Home Health & Wellness What to Expect if a Personal Injury Case Goes to Trial

What to Expect if a Personal Injury Case Goes to Trial

Reading Time: 3 minutes

In a personal injury case, there are two possible outcomes: settlement or trial. Settlement is the most common way of resolving personal injury cases because it saves time and money for both parties involved. However, some cases cannot be settled through negotiations, which means the case will have to go to trial. In the fiscal year of 2022, New York City successfully resolved 12,188 claims and lawsuits, resulting in a historic payout of $1.5 billion, the highest amount ever recorded in the City’s history. Over the past decade, the City has averaged approximately $1 billion per fiscal year in settlements across various claim types. Notably, payouts for personal injury and property damage claims, collectively referred to as “tort claims,” amounted to $688.4 million, marking an 18 percent increase from the $583.0 million spent in FY 2021.

Among the settlements, the five most expensive claim types in FY 2022 were civil rights, motor vehicle crashes, police action, accidents in schools, and medical malpractice. These specific claim categories accounted for $482.7 million in costs, representing 71 percent of all personal injury claim settlements during the fiscal year.

If you live in New York and have suffered personal injuries, you must contact a reputable New York personal injury law firm. They will help you get maximum compensation for your losses. In this article, we’ll take a closer look at what you should expect if your case goes to trial.

Pre-trial preparation

Before going to trial, there are several steps that your lawyer will take in order to prepare for the case:

  • Discovery phase. This is the process where both sides gather information from each other about their evidence, witnesses, and experts.
  • Depositions. These are formal interviews where lawyers from either side can question witnesses under oath.
  • Motions. Both parties often file motions with the court before trial, arguing for or against certain pieces of evidence.

Jury selection

Once discovery is completed and all pre-trial motions have been argued and decided by the court, then comes jury selection. During this phase, both your lawyer and insurance company’s lawyer (the defendants) – as well as each side’s jury consultant if they have one – will ask potential jurors questions about their backgrounds and experiences in an attempt to weed out anyone who may be biased one way or another. This process aims at ensuring that jurors selected for your case will be impartial.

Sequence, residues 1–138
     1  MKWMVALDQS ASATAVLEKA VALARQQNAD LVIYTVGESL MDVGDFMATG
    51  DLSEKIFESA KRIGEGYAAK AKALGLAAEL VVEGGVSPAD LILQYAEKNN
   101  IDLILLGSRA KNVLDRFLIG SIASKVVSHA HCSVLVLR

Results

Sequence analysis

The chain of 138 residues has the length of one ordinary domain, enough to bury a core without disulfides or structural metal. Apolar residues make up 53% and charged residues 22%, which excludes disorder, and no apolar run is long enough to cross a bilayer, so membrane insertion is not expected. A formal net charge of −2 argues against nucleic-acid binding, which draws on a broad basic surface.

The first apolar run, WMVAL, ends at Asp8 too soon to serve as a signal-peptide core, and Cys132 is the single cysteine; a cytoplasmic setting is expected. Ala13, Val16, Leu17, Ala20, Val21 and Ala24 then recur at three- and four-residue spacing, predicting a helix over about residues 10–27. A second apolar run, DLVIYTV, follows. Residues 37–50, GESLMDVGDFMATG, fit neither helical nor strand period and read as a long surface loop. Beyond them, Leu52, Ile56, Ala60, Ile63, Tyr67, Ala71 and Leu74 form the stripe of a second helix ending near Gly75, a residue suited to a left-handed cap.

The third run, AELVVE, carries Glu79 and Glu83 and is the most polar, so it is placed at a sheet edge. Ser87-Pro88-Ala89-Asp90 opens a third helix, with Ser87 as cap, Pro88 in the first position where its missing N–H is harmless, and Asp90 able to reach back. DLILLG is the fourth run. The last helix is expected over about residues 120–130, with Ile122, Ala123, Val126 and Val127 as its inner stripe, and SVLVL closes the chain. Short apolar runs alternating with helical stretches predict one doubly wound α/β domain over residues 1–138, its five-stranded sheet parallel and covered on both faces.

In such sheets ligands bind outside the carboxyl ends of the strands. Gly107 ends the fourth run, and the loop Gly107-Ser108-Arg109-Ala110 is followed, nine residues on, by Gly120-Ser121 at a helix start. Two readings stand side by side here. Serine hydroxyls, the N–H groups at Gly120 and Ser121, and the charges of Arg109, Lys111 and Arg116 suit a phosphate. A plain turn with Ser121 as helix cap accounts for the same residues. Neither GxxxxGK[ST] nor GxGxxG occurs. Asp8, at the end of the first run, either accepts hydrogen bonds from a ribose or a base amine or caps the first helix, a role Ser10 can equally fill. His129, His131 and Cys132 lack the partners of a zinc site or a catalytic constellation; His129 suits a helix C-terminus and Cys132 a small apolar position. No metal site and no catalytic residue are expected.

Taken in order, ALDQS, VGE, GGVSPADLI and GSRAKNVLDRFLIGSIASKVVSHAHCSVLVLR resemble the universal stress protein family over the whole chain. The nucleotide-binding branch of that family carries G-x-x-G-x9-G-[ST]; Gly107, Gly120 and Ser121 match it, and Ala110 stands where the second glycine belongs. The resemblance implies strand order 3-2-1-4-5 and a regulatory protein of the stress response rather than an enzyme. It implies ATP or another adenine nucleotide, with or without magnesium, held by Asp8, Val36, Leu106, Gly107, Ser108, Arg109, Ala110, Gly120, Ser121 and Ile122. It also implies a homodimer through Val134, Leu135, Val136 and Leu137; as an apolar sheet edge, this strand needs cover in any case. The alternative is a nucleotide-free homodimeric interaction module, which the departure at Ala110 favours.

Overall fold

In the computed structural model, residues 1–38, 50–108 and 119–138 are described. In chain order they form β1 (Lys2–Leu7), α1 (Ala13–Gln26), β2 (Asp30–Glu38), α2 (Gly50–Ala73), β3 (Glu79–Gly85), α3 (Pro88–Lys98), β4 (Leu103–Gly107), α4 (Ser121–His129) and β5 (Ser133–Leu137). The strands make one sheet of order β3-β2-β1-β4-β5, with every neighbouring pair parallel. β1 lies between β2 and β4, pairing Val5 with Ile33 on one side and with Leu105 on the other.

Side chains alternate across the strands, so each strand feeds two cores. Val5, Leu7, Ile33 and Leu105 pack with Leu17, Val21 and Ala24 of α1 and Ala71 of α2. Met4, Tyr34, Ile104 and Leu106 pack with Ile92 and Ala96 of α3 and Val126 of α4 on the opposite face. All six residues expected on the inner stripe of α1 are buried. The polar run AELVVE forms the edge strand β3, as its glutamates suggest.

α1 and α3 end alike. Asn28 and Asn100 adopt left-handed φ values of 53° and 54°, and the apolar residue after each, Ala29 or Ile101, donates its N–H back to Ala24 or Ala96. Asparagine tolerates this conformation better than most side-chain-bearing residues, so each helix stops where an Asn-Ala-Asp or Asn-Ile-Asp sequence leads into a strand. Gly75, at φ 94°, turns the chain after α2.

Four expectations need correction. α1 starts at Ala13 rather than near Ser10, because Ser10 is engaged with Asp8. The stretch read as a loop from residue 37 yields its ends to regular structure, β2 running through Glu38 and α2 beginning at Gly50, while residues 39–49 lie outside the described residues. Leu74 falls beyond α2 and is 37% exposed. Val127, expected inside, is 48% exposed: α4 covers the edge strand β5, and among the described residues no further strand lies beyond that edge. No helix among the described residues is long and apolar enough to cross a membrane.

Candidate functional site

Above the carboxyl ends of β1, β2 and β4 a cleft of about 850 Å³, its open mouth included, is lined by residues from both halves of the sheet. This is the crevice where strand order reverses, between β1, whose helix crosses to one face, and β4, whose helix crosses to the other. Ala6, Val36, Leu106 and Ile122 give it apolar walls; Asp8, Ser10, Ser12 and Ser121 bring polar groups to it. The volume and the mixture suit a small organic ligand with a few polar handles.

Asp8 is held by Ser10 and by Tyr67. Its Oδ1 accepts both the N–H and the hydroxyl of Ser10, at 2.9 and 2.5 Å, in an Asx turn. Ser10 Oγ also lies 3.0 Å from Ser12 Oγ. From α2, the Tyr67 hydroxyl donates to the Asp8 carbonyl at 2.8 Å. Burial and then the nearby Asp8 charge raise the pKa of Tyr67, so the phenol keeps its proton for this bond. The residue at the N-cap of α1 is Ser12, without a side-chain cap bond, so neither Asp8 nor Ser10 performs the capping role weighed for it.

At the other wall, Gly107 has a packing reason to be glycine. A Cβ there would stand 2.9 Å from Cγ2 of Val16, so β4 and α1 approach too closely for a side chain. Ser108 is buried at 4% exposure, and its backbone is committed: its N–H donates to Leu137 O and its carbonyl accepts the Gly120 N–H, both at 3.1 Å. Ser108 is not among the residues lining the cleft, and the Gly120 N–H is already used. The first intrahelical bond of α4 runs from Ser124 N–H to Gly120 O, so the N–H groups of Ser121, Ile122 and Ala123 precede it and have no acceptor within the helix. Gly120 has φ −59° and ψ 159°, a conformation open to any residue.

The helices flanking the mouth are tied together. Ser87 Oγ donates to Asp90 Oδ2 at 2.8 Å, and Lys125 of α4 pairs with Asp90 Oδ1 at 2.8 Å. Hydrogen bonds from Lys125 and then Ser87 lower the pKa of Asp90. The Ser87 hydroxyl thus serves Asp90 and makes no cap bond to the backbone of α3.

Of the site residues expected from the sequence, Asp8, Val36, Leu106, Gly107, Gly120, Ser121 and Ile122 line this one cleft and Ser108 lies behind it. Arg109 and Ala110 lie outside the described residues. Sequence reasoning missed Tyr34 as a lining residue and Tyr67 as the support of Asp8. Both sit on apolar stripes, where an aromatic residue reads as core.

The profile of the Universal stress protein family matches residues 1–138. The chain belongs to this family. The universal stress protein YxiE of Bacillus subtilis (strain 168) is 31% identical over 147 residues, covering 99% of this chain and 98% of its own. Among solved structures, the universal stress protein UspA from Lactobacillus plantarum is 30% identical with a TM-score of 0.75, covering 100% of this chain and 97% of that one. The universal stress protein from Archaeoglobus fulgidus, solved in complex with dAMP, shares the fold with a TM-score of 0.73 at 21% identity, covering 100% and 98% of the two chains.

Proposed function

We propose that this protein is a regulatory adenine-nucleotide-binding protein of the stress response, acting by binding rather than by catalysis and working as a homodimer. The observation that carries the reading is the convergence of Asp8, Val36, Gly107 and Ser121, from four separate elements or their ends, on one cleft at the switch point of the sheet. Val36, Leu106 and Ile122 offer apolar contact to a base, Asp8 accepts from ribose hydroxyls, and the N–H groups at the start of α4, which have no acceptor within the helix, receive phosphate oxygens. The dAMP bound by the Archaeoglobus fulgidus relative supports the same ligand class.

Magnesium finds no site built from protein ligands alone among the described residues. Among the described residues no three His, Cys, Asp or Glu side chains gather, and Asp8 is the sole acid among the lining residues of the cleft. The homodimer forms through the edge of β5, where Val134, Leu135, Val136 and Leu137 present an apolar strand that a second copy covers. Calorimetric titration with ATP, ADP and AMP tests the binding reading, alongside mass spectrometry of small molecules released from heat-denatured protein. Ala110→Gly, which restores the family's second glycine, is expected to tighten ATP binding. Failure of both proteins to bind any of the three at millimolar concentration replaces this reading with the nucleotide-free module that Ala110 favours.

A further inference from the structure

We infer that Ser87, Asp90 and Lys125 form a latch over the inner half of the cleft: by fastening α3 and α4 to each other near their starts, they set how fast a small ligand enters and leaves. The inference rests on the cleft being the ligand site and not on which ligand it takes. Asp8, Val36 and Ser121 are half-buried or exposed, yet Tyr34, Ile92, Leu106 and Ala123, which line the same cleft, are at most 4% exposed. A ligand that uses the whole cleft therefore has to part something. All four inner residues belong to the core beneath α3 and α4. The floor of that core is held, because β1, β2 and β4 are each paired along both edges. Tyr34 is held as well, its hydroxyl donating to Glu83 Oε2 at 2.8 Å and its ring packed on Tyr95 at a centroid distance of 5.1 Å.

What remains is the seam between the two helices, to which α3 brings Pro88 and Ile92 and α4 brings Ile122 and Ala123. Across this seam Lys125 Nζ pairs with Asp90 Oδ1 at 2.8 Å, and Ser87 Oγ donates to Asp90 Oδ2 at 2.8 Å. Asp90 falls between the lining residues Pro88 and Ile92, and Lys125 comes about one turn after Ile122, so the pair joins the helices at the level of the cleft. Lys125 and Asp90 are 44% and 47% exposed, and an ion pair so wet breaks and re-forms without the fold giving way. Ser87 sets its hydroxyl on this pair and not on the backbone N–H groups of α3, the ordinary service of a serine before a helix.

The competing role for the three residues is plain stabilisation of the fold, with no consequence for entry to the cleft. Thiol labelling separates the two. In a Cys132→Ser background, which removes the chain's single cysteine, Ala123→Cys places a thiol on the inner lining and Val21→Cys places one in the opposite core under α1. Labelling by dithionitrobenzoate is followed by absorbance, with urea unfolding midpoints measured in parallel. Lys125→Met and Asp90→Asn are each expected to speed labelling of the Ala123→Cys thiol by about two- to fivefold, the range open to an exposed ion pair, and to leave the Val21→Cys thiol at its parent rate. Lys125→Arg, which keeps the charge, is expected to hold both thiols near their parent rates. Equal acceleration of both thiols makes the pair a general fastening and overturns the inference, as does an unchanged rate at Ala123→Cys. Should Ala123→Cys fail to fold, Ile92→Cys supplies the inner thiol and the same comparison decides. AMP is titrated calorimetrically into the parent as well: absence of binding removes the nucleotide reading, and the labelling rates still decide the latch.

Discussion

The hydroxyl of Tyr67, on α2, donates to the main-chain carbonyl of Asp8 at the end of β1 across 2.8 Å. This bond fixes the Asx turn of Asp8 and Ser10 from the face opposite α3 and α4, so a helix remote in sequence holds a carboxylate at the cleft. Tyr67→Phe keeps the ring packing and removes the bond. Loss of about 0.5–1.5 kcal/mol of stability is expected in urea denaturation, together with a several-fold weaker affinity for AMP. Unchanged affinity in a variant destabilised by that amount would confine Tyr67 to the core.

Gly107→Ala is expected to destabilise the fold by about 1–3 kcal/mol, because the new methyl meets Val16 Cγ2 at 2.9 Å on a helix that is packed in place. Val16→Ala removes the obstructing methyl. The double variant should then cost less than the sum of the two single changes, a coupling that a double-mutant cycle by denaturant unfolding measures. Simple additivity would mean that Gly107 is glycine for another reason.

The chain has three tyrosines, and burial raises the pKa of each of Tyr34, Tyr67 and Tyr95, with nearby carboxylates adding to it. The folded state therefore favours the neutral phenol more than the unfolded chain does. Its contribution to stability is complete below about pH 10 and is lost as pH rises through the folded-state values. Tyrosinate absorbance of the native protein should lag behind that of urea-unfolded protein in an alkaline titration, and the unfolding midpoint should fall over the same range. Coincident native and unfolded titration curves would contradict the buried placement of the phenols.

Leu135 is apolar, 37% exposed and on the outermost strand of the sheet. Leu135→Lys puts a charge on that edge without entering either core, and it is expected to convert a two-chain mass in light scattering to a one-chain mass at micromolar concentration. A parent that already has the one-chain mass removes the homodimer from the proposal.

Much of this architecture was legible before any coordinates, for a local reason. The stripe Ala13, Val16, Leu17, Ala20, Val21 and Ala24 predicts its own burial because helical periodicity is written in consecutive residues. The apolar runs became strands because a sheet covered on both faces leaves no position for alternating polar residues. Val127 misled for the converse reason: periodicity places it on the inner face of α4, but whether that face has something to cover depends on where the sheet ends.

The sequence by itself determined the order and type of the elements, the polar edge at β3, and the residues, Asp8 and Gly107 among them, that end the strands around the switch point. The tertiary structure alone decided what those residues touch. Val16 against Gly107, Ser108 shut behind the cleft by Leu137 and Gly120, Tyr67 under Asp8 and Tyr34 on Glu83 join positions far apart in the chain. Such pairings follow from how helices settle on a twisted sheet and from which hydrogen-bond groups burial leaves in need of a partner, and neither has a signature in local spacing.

Opening statements

After jury selection proceeds, opening statements from both sides are heard, during which your attorney presents an overview of the facts as they relate specifically to your claim while highlighting key evidence.

Presentation of evidence 

During the presentation of evidence, both sides introduce testimony from eyewitnesses, including expert witnesses who offer their opinions about specifics related to liability and damages sustained by the victim(s). The plaintiff presents its direct examination, followed by the defense cross-examination, then redirects and re-cross. After doing so, both sides present their closing arguments – a summary of what they presented during the trial and why the jury should rule in their favour.

Jury deliberation

After all the testimonies have been given and closing arguments have been heard by the court, jury deliberation will begin. The jurors will consider all presented evidence and witness testimony in coming to a conclusion about your case. Depending on how complicated your claim is, it can take anywhere from hours to days for them to arrive at a decision.

Verdict

Once the jury comes to an agreement regarding liability and damages towards you or the accused party, they notify the judge, who then reads it aloud before announcing that the trial is over. 

Takeaway

Going to trial can be nerve-wracking for plaintiffs. After all, nobody wins without bearing high costs. Even after winning a lawsuit, oftentimes, expenses already exceed what was granted through settlement offers before going to court. But sometimes, it’s necessary to receive fair compensation for someone else’s wrongdoing.

If ultimately going with this route, the best advice would be to seek the help of legal professionals who will support you every step of the way until the final verdict is delivered.

In the end, a trial can give you a sense of closure and justice that is hard to achieve through settlement negotiations. While it is not always easy, working closely with your lawyer and following their guidance can increase your chances of success in court. With good preparation and perseverance, you can get the outcome you deserve in a personal injury case that goes to trial.


Adam Mulligan, a psychology graduate from the University of Hertfordshire, has a keen interest in the fields of mental health, wellness, and lifestyle.

© Copyright 2014–2034 Psychreg Ltd